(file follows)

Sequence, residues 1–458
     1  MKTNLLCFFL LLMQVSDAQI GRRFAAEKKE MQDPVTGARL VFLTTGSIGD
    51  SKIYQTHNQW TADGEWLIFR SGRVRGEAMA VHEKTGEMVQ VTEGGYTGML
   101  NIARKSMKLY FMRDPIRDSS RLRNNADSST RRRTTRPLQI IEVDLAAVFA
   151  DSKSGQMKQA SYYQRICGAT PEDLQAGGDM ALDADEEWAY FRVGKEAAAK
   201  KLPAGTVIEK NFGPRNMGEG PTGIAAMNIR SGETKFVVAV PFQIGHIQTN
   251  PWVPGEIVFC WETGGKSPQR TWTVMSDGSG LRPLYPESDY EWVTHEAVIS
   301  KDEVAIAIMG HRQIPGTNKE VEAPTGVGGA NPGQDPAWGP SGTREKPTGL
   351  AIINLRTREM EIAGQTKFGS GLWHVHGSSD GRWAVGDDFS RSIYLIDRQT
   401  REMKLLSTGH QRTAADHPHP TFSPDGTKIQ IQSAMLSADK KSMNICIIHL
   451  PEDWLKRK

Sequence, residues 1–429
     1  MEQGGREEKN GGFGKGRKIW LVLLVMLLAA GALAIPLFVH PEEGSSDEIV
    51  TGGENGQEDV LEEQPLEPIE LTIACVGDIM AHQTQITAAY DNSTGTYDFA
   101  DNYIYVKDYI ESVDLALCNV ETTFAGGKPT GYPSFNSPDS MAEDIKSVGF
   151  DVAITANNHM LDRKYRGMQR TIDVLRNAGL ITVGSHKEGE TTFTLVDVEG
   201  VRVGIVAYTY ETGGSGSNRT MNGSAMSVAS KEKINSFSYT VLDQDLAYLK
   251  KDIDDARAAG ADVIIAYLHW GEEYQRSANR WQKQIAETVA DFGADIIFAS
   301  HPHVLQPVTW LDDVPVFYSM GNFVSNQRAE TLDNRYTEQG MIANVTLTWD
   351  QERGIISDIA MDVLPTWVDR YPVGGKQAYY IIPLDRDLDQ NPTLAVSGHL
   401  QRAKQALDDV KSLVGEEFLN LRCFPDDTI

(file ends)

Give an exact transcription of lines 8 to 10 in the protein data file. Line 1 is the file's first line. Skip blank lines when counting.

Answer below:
   301  KDEVAIAIMG HRQIPGTNKE VEAPTGVGGA NPGQDPAWGP SGTREKPTGL
   351  AIINLRTREM EIAGQTKFGS GLWHVHGSSD GRWAVGDDFS RSIYLIDRQT
   401  REMKLLSTGH QRTAADHPHP TFSPDGTKIQ IQSAMLSADK KSMNICIIHL